Mad About “Mad Men”

By Craig McNair

The hit AMC show “Mad Men,” winner of three Emmy Awards for Best Drama, will resume its broadcasting with a fifth season set for summer 2012. The show’s delay comes from a dispute between creator Matthew Weiner and AMC. The conflict stems from AMC’s proposal to shorten each episode by two minutes in order to add commercial time and cutting the cast budget by removing characters from the show. Weiner stated to The New York Times that these changes would make “Mad Men” a “different show.” When asked about the proposal, Weiner said, “I don’t understand why, with all of the success of the show, they suddenly need to change it. All I want to do is continue to make my show, and make it in the way I want to, with the people I want to make it with.”

Fans of the hit show have expressed their greatest disappointment in the show’s possible budget cut of $1.5 million, the approximate salary of two regular season cast members. According to Vanity Fair magazine, their recommendation is to cut characters Betty Francis and Harry Crane.

AMC, which has benefited greatly from the show, offered Weiner a three-season deal worth $30 million. According to an article in The New York Times, AMC confirmed the show’s fifth season by stating, “while we are getting a later start than in years past due to ongoing, key noncast negotiations, ‘Mad Men’ will be back for a fifth season in early 2012.”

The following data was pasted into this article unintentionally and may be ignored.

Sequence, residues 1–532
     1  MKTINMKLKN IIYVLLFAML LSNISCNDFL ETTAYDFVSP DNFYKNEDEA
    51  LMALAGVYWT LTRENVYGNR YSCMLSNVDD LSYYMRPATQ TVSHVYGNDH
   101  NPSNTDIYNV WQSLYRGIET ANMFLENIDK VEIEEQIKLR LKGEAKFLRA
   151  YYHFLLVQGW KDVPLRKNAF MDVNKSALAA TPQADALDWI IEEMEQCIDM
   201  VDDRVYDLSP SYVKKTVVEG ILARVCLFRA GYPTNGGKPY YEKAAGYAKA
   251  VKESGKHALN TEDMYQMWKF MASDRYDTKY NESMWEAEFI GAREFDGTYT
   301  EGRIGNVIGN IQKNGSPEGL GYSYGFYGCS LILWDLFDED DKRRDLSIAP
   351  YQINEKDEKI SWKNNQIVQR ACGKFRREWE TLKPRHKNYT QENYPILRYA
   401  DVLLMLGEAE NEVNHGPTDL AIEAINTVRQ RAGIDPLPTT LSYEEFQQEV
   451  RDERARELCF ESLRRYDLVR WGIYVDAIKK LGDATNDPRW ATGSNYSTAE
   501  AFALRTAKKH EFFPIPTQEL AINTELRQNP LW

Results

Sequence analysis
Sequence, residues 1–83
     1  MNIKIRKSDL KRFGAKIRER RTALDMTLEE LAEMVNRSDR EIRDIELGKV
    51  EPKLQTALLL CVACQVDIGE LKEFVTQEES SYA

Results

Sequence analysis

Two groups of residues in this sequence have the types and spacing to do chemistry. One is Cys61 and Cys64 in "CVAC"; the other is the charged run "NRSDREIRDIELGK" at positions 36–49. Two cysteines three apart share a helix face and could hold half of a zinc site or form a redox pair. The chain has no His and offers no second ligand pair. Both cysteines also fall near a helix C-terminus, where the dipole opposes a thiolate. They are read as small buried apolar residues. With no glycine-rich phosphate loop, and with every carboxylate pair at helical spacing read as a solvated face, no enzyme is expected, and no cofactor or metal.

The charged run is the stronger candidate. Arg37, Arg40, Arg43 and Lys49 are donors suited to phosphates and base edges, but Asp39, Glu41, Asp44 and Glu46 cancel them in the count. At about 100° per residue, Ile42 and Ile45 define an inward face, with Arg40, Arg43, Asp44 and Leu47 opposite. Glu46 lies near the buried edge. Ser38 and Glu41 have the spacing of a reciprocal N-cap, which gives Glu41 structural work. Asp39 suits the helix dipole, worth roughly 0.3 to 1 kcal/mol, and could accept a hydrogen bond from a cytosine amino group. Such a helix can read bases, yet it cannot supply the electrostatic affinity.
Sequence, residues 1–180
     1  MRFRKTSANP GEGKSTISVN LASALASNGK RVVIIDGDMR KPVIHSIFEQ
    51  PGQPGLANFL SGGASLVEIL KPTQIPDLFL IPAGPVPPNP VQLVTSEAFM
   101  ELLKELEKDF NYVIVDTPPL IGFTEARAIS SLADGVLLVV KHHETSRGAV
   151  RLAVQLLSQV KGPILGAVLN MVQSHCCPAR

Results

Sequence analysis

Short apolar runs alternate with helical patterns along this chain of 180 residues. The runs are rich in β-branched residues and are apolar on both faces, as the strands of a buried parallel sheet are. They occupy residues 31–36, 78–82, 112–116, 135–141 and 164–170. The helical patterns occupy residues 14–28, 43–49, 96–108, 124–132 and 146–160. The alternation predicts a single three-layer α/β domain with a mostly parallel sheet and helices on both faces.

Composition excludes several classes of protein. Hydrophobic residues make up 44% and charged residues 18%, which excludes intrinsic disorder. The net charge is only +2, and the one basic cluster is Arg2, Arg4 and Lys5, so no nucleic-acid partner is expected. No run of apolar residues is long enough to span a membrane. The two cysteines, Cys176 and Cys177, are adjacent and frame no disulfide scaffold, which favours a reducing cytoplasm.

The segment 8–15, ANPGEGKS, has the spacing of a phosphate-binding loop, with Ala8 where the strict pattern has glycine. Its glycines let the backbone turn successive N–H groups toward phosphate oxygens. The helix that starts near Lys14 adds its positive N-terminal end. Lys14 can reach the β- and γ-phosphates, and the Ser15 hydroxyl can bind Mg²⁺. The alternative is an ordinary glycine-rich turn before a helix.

Weiner and AMC have clashed over “Mad Men” contract negotiations before. Two seasons ago AMC similarly tried to add two minutes of commercial time to each episode; the show’s running time was eventually lengthened two minutes to compensate for more commercial time. Weiner’s previous contract expired last October at the close of the fourth season.

AMC has also been at odds with Lionsgate, the company that produces the show. Those differences seem to have been settled, with AMC giving Lionsgate the green light to produce season five. Lionsgate produced the previous four seasons of “Mad Men”.

Despite all of the differences, Weiner said, “I love the show; I have every intention of it working out. This has been the most creatively satisfying experience of my life.” AMC’s offer of $30 million to Weiner would make him one of the highest paid producers in television.

http://www.nytimes.com/2011/03/30/arts/television/mad-men-delayed-as-matthew-weiner-and-amc-dispute-contract.html

http://www.vanityfair.com/online/daily/2011/03/if-mad-men-had-to-lose-two-characters-who-should-they-be.html

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